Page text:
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Researchers say cuts to research funding are affecting science

Researchers say cuts to research funding are affecting science

Biologists Ivan Glaucchio Paulino Lima and Robins Duarte say that if there were cuts by professors, or resources for equipment or reagents and research grants in students’ time, they might have changed careers.

“Research is not present as a government priority. It is seen as an expense, not an investment. It is a completely distorted view. I hope in time we can reverse this situation. It’s not easy, but the result is what we feel on the skin to produce Covid-19 vaccines.” Lima says.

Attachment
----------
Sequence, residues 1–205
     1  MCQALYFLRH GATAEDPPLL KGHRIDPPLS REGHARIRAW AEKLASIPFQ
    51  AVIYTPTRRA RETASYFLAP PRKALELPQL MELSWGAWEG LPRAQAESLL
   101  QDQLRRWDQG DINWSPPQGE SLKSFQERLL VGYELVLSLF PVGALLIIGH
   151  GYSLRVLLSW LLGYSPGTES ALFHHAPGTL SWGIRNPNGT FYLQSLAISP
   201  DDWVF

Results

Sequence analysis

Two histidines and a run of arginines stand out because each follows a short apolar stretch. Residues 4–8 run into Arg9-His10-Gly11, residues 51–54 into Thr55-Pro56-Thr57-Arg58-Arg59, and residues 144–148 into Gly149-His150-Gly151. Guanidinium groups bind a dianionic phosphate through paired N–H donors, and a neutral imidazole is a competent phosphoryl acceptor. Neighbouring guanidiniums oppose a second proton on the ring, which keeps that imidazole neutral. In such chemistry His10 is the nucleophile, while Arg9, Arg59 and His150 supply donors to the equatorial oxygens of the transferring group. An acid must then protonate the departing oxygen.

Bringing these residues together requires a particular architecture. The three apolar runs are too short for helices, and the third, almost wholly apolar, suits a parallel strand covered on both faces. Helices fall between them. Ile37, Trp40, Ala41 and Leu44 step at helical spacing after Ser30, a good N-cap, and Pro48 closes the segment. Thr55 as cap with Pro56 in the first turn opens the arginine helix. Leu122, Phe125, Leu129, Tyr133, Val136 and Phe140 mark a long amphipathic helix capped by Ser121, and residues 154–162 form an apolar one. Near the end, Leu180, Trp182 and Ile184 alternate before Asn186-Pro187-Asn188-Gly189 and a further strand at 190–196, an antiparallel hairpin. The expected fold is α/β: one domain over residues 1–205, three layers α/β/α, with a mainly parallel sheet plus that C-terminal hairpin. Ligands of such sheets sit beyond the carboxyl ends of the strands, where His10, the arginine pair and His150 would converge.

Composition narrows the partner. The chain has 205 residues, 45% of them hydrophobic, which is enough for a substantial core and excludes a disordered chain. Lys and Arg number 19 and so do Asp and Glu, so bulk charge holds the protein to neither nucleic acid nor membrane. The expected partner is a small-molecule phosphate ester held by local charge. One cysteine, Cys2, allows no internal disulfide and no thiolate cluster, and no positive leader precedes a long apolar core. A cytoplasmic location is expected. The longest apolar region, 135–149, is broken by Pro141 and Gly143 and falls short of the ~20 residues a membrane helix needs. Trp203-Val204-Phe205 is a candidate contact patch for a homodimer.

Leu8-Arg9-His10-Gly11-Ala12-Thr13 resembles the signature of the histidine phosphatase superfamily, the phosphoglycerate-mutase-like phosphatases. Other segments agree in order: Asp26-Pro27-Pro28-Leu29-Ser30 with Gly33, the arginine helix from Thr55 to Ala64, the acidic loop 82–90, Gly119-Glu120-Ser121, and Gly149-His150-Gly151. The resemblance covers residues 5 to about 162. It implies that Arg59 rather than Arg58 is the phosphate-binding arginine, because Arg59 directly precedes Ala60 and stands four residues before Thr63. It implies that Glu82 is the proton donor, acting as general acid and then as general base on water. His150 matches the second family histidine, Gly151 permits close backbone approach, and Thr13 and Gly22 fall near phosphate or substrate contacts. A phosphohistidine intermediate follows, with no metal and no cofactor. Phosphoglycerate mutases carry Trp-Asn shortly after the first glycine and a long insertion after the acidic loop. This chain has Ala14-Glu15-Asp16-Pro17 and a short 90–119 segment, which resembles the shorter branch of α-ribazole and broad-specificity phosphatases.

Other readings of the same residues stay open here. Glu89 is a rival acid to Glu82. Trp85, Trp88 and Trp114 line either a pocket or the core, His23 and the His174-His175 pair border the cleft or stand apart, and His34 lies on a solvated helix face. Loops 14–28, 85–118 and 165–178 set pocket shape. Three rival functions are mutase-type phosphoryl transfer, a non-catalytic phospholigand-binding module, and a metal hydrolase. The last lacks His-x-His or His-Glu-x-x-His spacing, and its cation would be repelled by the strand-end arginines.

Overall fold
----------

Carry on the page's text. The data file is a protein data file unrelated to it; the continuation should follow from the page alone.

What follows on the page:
The CNPq (National Council for Scientific and Technological Development) will award scholarships only to 396 of the 3080 PhDs and Postdocs approved for 2021. This equates to 13% of research projects that have met all the prerequisites and would qualify.

Duarte notes that he has completed five years of graduation and two years of Masters at UEL. “UEL was the basis of my studies which allowed me to first succeed with a PhD at the University of São Paulo (University of São Paulo). I wanted to work with research in harsh environments and UEL did not offer a PhD in the area. There is no better example than talking about how satisfied I am and not I still have the opportunity to study with good teachers as was the case at UEL. I was a three-year scholarship holder at undergraduate and then masters as well. ”

Duarte says that had this not been provided in his school days, he would not have developed his career the way he did. “For the past few years, we have been trying to survive as much as possible.”

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